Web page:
Eulogy images depicted Daesh “martyrs” before setting on suicide operations and they were often followed by long shots of explosions signalling the outcome. As the total liberation of east Mosul was in sight, eulogy images nearly doubled from November and December to January unlike the decreasing combat and war spoils images. Almost 90% of all instances of direct eye contact appeared in eulogy images, a visual technique often used to establish imaginary connection between photo subjects and the viewer by communicating what the former demands from the latter.6 This demand can be deciphered by examining the surrounding context, ranging from facial expressions, posture, and distance to other symbols. Eulogy images in Mosul typically position the militant at an intimate/personal distance (94%) with a confident smile (88%) to bolster the connection. The images show happy, confident, and determined young men—often pointing to the heavens signalling both monotheism and reward—who are engaging directly with the group’s supporters in demand of admiration, respect, and wishful identification. Taken together, Mosul eulogy images served as carriers of a trans-historical martyrdom narrative that transforms an on-ground defeat into a symbolic victory, guided by “a sovereign imaginary that demands death over disobedience.” By disseminating more eulogy images when facing direct blows, not only did Daesh reframe the battle, but it also attempted to boost its moral superiority among its followers online.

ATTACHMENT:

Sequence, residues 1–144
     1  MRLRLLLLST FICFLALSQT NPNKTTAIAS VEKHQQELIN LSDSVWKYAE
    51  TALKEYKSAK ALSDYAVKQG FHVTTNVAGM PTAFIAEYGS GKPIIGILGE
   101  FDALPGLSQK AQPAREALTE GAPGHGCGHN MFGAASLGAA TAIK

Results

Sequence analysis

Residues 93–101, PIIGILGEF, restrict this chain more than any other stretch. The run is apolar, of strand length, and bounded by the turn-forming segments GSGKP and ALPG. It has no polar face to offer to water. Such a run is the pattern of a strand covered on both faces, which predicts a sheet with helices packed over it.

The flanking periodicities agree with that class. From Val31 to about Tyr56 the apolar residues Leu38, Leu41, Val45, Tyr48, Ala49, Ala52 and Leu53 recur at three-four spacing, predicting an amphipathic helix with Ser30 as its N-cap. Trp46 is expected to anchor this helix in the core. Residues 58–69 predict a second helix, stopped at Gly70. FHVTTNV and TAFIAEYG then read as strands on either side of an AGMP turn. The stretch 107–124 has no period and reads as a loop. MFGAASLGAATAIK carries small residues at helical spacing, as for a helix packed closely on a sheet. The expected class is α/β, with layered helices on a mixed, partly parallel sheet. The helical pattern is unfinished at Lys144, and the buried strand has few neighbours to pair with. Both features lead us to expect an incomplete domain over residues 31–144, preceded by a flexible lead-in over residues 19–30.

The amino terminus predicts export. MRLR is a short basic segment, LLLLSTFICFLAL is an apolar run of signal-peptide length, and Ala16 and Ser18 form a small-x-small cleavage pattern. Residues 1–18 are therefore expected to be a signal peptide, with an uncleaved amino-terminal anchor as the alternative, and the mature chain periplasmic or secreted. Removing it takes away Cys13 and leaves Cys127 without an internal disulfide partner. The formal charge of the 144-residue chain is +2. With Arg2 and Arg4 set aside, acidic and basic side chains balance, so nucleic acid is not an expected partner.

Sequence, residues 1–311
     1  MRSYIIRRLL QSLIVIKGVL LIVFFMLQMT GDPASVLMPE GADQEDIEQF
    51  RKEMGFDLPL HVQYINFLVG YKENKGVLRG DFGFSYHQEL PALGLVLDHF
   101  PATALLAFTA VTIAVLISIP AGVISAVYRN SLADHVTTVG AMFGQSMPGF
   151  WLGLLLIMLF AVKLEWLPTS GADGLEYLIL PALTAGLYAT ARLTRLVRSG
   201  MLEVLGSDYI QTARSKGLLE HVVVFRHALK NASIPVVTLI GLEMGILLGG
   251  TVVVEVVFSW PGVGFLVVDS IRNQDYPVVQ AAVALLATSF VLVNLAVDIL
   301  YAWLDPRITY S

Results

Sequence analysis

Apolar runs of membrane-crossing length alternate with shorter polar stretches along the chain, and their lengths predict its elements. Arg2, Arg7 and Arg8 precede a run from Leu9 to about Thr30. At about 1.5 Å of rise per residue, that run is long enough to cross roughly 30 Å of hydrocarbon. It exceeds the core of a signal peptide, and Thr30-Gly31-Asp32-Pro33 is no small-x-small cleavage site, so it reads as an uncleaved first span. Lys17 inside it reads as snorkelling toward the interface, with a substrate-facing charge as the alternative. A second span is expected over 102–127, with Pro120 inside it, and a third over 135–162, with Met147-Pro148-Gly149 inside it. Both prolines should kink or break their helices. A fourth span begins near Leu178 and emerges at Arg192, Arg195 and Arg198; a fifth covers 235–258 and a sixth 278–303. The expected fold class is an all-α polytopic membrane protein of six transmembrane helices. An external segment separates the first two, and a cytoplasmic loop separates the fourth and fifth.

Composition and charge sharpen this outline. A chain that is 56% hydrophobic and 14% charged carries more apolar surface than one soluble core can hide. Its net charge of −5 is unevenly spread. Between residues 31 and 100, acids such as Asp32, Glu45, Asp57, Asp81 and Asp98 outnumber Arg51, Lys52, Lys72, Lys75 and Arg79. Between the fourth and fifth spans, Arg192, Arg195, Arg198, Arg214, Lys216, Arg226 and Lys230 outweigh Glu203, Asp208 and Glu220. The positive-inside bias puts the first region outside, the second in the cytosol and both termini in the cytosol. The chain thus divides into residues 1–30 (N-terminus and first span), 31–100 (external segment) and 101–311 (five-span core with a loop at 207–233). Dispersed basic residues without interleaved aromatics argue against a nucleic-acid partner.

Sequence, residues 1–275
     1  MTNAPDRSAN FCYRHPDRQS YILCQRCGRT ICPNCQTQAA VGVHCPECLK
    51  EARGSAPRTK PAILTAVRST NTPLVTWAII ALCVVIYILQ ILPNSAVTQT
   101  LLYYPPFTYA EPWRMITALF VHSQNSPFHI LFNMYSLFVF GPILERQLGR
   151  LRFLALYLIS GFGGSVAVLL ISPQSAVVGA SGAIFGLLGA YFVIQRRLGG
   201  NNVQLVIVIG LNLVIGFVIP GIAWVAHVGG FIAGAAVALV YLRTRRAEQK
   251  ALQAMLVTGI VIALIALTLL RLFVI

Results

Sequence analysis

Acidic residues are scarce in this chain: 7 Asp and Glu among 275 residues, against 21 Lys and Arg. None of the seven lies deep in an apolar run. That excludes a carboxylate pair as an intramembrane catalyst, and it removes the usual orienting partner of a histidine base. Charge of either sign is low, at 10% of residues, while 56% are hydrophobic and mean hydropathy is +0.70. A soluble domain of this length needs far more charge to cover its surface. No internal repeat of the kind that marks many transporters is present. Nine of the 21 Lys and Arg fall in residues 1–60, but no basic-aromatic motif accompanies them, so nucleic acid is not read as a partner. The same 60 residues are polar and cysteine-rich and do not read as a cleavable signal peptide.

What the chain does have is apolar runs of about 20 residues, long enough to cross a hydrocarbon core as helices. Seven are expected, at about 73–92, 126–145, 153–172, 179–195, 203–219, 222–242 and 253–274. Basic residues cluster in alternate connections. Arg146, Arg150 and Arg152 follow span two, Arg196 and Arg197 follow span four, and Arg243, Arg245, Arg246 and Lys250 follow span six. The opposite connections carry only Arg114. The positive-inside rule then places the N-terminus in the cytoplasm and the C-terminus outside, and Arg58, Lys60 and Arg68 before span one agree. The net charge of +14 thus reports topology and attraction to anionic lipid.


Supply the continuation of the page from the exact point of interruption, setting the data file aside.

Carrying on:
Non-military visual frames depicted the economy, social services, and urban and natural landscapes. Economy images presented Mosul as a prosperous city with vibrant markets, while social services highlighted service provision, such as electricity restoration, street cleaning, and education. These landscapes depicted the beauty and serenity of Mosul and the normalcy in its neighborhoods. Throughout the four-month period, one of these three visual frames appeared at least once daily. Mostly shot from a social/public distance, non-military images showed different types of scenes that were reportedly present in Mosul at the time. Taken together, scenes of prosperity, competence, and beauty aimed to give a sense of normalcy despite the ongoing battles.